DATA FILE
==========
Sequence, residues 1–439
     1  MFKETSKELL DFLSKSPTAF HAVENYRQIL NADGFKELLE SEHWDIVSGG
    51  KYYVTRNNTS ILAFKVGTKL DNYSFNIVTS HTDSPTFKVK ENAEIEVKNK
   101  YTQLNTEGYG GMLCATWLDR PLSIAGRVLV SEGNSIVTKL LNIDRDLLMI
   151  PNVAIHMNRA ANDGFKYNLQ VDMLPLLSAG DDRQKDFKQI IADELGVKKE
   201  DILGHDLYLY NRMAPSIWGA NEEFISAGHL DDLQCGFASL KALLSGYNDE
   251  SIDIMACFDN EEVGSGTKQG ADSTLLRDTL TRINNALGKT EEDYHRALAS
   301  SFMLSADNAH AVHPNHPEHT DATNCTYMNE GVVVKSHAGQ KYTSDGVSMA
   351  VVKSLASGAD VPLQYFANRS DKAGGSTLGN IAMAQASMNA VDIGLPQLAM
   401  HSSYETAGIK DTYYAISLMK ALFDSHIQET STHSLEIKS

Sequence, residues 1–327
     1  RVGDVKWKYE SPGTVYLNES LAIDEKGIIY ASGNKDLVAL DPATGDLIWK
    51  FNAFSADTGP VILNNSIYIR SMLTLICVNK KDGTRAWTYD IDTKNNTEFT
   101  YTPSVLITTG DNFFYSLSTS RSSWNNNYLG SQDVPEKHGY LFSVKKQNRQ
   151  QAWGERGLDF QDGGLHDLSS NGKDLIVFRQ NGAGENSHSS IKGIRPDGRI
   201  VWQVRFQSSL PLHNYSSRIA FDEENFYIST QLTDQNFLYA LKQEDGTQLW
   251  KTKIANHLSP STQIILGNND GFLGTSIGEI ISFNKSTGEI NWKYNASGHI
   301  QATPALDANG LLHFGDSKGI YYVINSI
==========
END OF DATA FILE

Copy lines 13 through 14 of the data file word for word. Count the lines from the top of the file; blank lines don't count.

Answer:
    51  FNAFSADTGP VILNNSIYIR SMLTLICVNK KDGTRAWTYD IDTKNNTEFT
   101  YTPSVLITTG DNFFYSLSTS RSSWNNNYLG SQDVPEKHGY LFSVKKQNRQ